Australia: Intellectual Property News

Last Updated: 7 October 2007



UK and US synchronise patent prosecution process

Patent offices in the UK and the US have agreed to recognise each other's patent examination reports under a new scheme which is being trialled in both countries. The scheme aims to streamline the process of obtaining a patent in the countries by allowing a patent holder in one country to receive accelerated treatment from the patent office in the other country. The so-called 'Patent Prosecution Highway' will help to 'efficiently and effectively safeguard inventors' intellectual property and help to stimulate innovation on a national and international scale' according to Lord Triesman, the UK parliamentary under secretary of state for intellectual property. The trial is set to run for a year to assess the agreement's effectiveness.

Further information can be accessed at:



Labor promises royalty help for indigenous art

A controversial resale royalties initiative forms part of the pre-election policy for the arts released by the Australian Labor Party. Under the initiative visual artists would receive royalties each time their work is sold, even if the artist is not the copyright owner. Mr Peter Garrett, Labor's arts spokesman, stated that the royalties scheme would support indigenous artists whose works have increased in value in the arts market. The policy also aims to support developing artists through a series of welfare and educational initiatives, tax concessions and financial assistance.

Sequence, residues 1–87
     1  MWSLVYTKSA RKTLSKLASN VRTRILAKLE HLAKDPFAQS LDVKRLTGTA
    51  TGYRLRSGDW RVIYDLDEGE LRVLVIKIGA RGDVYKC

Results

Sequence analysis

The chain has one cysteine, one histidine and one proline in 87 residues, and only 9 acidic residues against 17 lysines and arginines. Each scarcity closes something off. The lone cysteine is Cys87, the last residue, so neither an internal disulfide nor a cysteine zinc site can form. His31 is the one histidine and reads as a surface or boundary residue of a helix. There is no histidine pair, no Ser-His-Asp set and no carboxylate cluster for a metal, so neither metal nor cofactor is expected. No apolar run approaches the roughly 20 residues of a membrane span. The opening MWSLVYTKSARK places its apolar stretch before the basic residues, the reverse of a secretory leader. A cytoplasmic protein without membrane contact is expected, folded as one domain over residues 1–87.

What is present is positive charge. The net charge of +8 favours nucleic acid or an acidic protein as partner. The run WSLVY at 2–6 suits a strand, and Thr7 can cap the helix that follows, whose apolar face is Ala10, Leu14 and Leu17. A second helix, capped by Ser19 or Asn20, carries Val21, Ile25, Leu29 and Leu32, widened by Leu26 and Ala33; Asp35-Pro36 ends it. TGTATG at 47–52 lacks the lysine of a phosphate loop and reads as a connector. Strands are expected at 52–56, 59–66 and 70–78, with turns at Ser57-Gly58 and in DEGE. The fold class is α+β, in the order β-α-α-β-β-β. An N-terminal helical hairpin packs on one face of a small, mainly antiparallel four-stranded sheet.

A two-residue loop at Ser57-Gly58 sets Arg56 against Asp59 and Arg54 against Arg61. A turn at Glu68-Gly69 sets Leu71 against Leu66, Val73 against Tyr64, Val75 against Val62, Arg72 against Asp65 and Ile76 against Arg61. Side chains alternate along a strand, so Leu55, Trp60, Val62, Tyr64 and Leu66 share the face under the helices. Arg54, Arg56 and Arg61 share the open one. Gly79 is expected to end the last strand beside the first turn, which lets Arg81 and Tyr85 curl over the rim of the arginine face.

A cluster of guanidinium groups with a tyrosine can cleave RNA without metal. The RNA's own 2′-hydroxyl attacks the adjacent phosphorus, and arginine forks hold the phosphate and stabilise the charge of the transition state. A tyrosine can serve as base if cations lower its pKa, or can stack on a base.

The policy and additional information can be accessed at:

Copyright continued

Damages awarded for copyright infringement and personal hurt

Mr Travis Goodall, a father of five children killed by their mother in a murder suicide, has succeeded in a copyright infringement claim against Nationwide News Pty Ltd in the Federal Magistrates Court. The claim related to unauthorised publication by Nationwide of photographs of the children taken by Mr Goodall. Mr Goodall had given permission to New Idea magazine, under a one-off limited licence, for a single publication of the photographs. Without Mr Goodall's permission, the photographs were published again in the Sunday News in Perth. Despite a complaint by Mr Goodall to the journalist concerned, the photographs were later published a third time. The Court found that following Mr Goodall's complaint, Nationwide was notice that its reprinting of the photographs could infringe copyright. The Court awarded damages of $1250 for copyright infringement and additional damages of $7500 for personal hurt. The Court described the attitude of Nationwide News as uncaring, and stated that there was a need to deter similar infringements. The Court dismissed Mr Goodall's additional claims in defamation and misleading or deceptive conduct.